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Health Education Research Guide

Research guide for students in Health Education courses.

What are Peer-Reviewed Articles?

Scholarly journals are published by scholars -- people who have the highest college degree in their field -- or other scholars to read. Before the article is published, it undergoes a process of peer review, during which *other* scholar specialists (the author's peers) review the article and make suggestions for improvement. It's a strenuous process, so when something is published in a peer-reviewed, scholarly journal, it is considered by college professors to be extremely reliable. Watch the video below on Understanding Peer Review.

Here are some clues/characteristics of peer-reviewed articles (but not all!)...

  • They have an abstract, a summary of the article at the beginning or in the details
  • They are very long in page number, often 5-40 pages
  • They have a long list of citations or references at the end of the paper.
  • They may include charts or graphs--no colorful advertisements or photographs.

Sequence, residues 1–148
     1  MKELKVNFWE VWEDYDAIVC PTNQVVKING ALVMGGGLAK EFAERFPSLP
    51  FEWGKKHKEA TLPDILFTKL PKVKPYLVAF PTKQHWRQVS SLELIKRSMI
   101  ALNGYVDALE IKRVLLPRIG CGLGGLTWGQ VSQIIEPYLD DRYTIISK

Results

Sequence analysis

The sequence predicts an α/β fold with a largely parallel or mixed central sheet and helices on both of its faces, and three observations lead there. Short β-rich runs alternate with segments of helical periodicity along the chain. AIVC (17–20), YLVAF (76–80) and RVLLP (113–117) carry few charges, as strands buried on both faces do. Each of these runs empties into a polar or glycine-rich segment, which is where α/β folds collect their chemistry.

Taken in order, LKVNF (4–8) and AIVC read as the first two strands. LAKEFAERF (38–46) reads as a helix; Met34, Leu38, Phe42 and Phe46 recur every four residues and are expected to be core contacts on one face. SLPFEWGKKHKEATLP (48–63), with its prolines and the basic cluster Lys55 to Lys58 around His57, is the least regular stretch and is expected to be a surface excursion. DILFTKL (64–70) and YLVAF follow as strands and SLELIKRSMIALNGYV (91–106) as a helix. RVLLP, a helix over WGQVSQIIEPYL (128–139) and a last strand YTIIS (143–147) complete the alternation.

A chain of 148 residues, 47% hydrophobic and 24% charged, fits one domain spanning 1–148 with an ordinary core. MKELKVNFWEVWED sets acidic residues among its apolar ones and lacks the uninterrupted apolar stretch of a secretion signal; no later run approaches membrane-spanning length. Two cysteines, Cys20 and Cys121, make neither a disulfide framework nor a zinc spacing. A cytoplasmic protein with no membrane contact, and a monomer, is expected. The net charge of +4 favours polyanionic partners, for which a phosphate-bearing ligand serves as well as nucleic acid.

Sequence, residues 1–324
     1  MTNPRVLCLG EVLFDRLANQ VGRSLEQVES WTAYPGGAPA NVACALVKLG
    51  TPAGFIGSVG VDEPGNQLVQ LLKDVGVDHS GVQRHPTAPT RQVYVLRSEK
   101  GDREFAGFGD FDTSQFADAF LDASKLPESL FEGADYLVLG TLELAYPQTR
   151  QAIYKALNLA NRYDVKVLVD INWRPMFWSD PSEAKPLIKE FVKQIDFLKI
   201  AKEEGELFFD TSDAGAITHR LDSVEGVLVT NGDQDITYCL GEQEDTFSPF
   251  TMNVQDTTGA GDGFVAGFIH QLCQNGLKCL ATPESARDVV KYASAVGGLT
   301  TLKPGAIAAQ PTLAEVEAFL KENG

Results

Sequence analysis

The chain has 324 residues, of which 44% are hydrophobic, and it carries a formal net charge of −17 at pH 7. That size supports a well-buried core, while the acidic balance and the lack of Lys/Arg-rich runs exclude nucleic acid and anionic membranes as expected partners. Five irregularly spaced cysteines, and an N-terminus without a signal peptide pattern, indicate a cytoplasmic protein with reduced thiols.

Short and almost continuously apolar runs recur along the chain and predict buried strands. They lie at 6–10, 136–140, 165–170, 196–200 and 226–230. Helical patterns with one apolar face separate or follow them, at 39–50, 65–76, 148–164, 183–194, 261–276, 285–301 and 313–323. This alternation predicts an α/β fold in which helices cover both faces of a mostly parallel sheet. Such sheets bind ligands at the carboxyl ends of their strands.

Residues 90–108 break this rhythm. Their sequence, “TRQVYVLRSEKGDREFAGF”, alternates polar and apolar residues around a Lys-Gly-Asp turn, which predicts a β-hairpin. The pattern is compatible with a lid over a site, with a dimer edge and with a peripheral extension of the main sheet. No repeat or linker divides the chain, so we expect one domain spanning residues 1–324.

• They may have a DOI number (digital object identifier) assigned to them
  • They have section headings like...
    • Introduction [Strategic reading tip: Read this section to start!]
    • Methodology
    • Results
    • Discussion
    • Conclusion  [Strategic reading tip: Read this section to start!]

Types of Peer-Reviewed Articles

There are different types of peer-reviewed  (aka "refereed") articles: review articles and research articles.

  • Review Articles:

Review articles summarize the current state of understanding on a topic within a certain discipline. Review articles include meta-analyses and systematic reviews.

  •  Research Articles (aka Empirical Articles): 

Research articles are reports of research based on observation or experience conducted by the expert, student, professor, or researcher. Research articles may include lab experiments, interviews, or surveys. They usually have these sections: Abstract, Introduction, Methods, Results, Discussion, and References.

Important Note: 

Peer-reviewed journals also contain content that is not peer-reviewed. If your instructor requires you to use peer-reviewed articles, do not use these. Examples include: editorials, letters to the editor, and book reviews.

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